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The Prettiest London Mews You Need to Visit

The Prettiest London Mews You Need to Visit

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London’s mews are all the rage. Who can resist the allure of these pretty enclaves dotted around bourgeois parts of the city? But what exactly is a mews? And why are they found in classy areas like Kensington, Belgravia and Notting Hill?

It turns out, London’s mews are not only gorgeous, but also a bit of living history. Mews houses were originally built for the coach men and horses that served the much larger Victorian and Georgian townhouses nearby. 

This is why you often find a mews behind a grand, imposing street in an area like Belgravia or Notting Hill. These days, though, the dinky little mews houses are hot property in their own right. They’re often home to cute pubs, independent boutiques, and reportedly, celebrities.

Here’s our guide to the absolute best mews in London, so you can take a look for yourself.

Gorgeous London Mews

Conduit Mews

Closest station: Paddington

This is one of the London Mews that’s kept a hint of its old life about it, turning the stable doors into garages or doorways rather than filling them in. Though it isn’t as grand as some of the Belgravia mews on the other side of Hyde Park, Conduit Mews’ charming pastel colours make it special in its own way. 

Stanhope Mews South

Closest station: Gloucester Road

This is a London mews that will cheer you up as soon as you set eyes on it. Every house on the long, narrow street is painted in pretty pastel colours, with shrubs and flowers lining the cobbles. It has a community feel, and people clearly enjoy living in Stanhope Mews South. Well, how could you not?

Bathurst Mews

Closest station: Lancaster Gate

Just a road up from Sussex Square, Bathurst Mews has two claims to fame. Firstly, it’s the longest mews in London with 65 properties lining its cobbled street, and secondly it’s home to the Hyde Park Riding School. That means when you visit this lovely London mews you get a historical scene complete with horses!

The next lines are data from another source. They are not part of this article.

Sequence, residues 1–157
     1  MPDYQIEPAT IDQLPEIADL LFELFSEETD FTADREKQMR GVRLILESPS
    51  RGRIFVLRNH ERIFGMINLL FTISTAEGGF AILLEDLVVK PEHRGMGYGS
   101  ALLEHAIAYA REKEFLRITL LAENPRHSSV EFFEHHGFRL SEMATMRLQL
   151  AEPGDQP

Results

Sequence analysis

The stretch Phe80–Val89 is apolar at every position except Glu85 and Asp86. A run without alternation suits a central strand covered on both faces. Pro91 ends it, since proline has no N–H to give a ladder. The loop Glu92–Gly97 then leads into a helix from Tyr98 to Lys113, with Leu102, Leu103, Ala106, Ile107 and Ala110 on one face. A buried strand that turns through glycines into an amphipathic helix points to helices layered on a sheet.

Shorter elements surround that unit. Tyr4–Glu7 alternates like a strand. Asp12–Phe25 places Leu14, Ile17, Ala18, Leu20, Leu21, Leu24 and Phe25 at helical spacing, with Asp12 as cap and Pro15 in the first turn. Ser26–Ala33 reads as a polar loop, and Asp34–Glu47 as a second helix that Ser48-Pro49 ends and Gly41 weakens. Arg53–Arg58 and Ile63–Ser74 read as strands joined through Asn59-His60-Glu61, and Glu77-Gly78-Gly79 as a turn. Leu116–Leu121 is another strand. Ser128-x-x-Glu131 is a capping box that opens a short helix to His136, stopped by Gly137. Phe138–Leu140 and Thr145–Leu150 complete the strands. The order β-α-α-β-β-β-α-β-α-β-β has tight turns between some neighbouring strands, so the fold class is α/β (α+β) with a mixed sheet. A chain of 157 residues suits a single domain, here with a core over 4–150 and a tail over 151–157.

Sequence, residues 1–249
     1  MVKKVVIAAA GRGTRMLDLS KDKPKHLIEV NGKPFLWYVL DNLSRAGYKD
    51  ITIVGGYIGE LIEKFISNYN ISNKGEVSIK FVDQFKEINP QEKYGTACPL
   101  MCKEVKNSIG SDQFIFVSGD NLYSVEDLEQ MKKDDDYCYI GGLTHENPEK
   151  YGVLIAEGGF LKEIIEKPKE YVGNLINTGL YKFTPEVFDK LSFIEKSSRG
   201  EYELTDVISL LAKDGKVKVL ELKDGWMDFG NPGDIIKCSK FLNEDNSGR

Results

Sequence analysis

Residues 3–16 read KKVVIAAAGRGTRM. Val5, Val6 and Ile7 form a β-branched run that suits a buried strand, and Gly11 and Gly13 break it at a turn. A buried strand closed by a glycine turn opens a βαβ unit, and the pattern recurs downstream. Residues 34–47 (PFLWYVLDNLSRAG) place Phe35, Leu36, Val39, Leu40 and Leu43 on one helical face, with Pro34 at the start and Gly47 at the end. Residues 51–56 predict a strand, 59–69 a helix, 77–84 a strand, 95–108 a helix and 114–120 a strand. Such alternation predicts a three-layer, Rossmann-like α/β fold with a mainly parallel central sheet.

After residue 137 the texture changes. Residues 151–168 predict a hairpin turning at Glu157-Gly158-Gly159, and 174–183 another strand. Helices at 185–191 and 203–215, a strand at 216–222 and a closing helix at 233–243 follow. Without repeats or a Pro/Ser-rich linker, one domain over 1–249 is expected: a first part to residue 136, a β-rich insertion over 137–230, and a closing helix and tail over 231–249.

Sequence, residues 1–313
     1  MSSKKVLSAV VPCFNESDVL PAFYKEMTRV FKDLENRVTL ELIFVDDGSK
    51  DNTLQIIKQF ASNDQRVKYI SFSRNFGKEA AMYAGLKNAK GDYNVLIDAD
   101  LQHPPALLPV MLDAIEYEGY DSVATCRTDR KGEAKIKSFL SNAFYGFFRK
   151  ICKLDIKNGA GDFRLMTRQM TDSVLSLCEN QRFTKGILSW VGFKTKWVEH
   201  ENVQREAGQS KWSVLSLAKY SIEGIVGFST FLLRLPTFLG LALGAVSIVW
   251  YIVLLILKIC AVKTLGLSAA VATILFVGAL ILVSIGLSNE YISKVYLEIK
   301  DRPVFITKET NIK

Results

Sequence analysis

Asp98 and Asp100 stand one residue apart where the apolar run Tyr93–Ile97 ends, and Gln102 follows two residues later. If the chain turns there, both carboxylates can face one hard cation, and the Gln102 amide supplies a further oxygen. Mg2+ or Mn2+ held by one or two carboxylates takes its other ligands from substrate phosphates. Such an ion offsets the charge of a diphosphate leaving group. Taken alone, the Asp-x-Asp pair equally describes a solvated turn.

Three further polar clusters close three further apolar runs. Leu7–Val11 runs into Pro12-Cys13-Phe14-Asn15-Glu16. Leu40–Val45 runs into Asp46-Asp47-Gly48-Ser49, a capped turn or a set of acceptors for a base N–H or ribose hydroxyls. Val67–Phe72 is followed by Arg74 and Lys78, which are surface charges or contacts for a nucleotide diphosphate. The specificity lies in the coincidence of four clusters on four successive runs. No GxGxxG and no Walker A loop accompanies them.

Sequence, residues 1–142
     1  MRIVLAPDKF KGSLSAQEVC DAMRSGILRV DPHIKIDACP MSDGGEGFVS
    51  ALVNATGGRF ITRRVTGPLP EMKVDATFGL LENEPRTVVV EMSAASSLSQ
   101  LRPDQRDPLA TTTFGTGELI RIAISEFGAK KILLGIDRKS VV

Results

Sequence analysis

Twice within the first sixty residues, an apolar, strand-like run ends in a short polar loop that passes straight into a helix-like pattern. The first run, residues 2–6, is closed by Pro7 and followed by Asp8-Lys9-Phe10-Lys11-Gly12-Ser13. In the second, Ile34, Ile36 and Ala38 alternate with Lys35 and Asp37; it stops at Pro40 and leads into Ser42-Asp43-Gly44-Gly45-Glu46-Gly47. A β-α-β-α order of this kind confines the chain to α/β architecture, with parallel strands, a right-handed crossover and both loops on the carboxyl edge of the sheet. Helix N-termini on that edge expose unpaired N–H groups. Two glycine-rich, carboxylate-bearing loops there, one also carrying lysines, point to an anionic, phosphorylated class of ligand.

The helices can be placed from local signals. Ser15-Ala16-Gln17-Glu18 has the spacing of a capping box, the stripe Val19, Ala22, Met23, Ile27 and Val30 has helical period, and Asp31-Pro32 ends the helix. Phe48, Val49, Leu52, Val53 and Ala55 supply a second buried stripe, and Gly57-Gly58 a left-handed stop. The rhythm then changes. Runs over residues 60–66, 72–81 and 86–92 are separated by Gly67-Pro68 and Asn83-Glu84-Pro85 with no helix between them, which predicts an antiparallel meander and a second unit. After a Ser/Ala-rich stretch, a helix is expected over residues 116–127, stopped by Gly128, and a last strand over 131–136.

Osten Mews

Closest station: Gloucester Road

The houses on this lovely London mews are a little larger than some ex-stables. They’re well-kept, but not trying quite as hard as some of the Kensington mews you’ll come across. That’s a good thing, however, with a couple of the houses eaten up by red and green ivy, and the original features of the mews evident at a glance. 

Colville Mews

Closest station: Ladbroke Grove

The mews house painted with a huge union jack catching the wind used to be fashion designer Alice Temperley’s boutique. Now, it’s a draw for Instagrammers and tourists alike, and it brightens this Notting Hill mews up fantastically. And in an area like this, you need to stand out! The closest food shop is an Ottolenghi, and you’re just round the corner from the Portobello Road.

Queen’s Gate Mews

Closest station: Gloucester Road

This Kensington mews was once home to Madonna and Guy Richie, and before that, it was home to London’s first petrol pump! Quite a journey – and interesting that they decided to put a petrol pump on one of the smallest streets in the capital. 

Now, Queen’s Gate Mews is white and picturesque, with The Queen’s Arms, a very adorable little pub, at one end. Why not grab a drink and imagine Madonna taking out the bins?

St Luke’s Mews

Closest station: Westbourne Park

Yes, it’s the mews from Love Actually. That scene with Keira Knightley and Andrew Lincoln that we guess we… thought was cute at the time? 

Living through the early 2000s means a lot of self reflection. Anyway, this brightly painted, cheerful mews attracts a lot of visitors. Especially number 27, the very very pink house, which Andrew stood in front of creepily, basically holding Keira hostage and asking her to lie to her husband? 

Honestly, the biggest mystery of that scene is how they could afford a house on a Notting Hill mews. We guess 2003 had some up sides.

Cresswell Place

Closest station: Gloucester road

This London mews looks like it has been lifted straight from a home counties village and placed carefully in Chelsea. If you’re doing a tour, you should head to Cresswell Place to get a feeling of the variety possible in mews homes. 

Of course, Agatha Christie also lived here in the 1920s and Creswell Place is said to be the setting for Murder on the Mews, so that’s another selling point. 

Drayson Mews

Closest station: High Street Kensington

A mews with a hairdresser at number 1 is an unusual site. Apart from that, Drayson Mews is pretty traditional, but that’s what makes it a bit of a gem. If you want to see what London mews looked like before they got super desirable and designer, then check out this twisting Kensington mews.